A few extracts from the reviews of the book are now available on this site. (A new page is opened.) For those doubters, the full un-extracted reviews can also be found, with links from that page.
I suddenly realize I have written nothing here since the beginning of August, just after returning from our trip to Avilés (below). I have been in that strange and unproductive realm where a new novel lurks tantalizingly out of reach. Many false starts have led to raised and dashed hopes, but I think I have finally cracked it. It doesn’t take more than a few words of draft to realize that you have found a way into a complex story, but it can take ages to reach that realization. A decade and a half ago I spent nearly six months fruitlessly trying to find a way in to the book that eventually became The Separation. I drafted some twelve different openings, only to realize that the very first attempt was actually the one I wanted and should have been using all along. Anyway, after only about six abortive attempts, the new novel now has a beginning I think will lead somewhere, and I have even worked out the title for it. Dark winter days with the comfort of something in progress lie ahead.
It has been a time of reading. I have just finished Simon Ings’s new novel, Wolves, which strikes me as certain to be one of the key books of next year. I have no idea why it is called Wolves, and I don’t like the cover (which I think separates me from everyone else), but it is a serious, ambitious and discomfiting novel.
I also gave a long and attentive reading to a new novel called Erotic Lives of the Superheroes, by Marco Mangassola. I truly wanted to like it, as in many ways it is extremely well wrought and appears to have been given an excellent translation (by Anthony Shugaar). The publisher, Salammbo Press, is a small independent house, who must have gambled heavily on the book. Good luck to them. But it’s a novel that takes superheroes seriously and literally, and because of that it walks directly into one of my blind spots. I thought Watchmen was pretty good, but firstly that was enough, and secondly it was a quarter of a century ago. I’m going to pass this copy across to Nina, as she is more receptive than I can ever be to this sort of thing. Sorry, Salammbo. Sorry, Signor Mangassola.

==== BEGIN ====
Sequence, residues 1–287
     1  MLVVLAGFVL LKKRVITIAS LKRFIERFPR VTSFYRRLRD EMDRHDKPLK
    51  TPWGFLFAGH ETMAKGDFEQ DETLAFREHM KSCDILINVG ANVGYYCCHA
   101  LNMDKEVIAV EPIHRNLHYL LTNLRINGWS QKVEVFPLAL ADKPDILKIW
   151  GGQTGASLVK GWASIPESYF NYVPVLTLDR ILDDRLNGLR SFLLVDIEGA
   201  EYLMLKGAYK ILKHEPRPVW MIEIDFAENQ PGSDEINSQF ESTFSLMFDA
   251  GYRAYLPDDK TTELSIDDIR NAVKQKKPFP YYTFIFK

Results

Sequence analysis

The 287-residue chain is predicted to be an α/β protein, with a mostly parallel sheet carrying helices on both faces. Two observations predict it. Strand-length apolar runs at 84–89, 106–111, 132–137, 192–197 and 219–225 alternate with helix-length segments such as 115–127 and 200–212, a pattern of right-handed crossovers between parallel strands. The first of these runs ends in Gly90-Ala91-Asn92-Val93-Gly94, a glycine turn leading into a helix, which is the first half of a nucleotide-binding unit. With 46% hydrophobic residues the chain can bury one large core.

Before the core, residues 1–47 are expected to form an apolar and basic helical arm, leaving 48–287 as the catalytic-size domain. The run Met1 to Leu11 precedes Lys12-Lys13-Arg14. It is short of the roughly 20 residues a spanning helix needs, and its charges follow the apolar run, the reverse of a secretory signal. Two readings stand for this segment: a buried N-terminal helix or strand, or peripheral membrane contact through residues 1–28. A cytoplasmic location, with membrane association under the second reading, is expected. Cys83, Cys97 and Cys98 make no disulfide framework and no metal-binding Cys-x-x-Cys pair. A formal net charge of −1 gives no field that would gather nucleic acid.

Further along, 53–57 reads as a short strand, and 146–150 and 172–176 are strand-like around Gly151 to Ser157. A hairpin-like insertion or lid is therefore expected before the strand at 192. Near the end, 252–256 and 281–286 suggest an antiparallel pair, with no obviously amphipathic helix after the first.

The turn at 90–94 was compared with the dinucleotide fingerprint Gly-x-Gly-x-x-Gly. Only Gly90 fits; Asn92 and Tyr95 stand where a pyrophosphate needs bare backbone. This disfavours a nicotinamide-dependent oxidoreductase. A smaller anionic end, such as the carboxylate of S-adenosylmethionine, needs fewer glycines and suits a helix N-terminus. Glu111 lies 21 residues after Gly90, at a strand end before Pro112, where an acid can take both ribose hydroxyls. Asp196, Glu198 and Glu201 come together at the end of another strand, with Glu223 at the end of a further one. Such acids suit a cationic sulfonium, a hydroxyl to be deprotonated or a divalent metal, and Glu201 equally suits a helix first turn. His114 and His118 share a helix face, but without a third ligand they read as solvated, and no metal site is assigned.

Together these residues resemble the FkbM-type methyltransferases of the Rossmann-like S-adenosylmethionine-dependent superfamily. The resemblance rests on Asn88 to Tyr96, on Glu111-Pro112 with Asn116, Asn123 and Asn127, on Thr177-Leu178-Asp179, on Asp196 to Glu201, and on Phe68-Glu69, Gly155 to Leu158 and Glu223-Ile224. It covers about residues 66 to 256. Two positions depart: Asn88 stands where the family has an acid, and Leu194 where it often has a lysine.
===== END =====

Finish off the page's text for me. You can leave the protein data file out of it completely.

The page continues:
I am currently reading Richard House’s The Kills. I might be gone for quite a while.
We have also seen some terrific movies in the last few weeks, some of them real discoveries.
Try Chronicle (dir. Josh Trank, 2012), a fabulously entertaining found-footage sf film, written by Max Landis, son of John.
Holy Motors (dir. Leos Carax, 2012) was a real oddball, about a man touring Paris in the back of a limousine, performing good deeds (or otherwise) on the way. Kylie Minogue appears in a scene in a ruined department store, shades of Liebestraum, in one of the most surreal pieces of casting I can remember. The film is a lot better than David Cronenberg’s Cosmopolis, with which it is often compared (also about a man being driven around in the back of a limousine).
Alias Betty (dir. Claude Miller, 2001) comes close to being my film of the year so far – it is based on a novel by Ruth Rendell, and has a constantly intriguing structure and plot.
In spite of a long antipathy to the work of Neil Jordan (don’t ask), I rather enjoyed his new film Byzantium (2012) not least because it was filmed effectively here in Hastings, gaining little gasps of recognition from the audience in our local Odeon.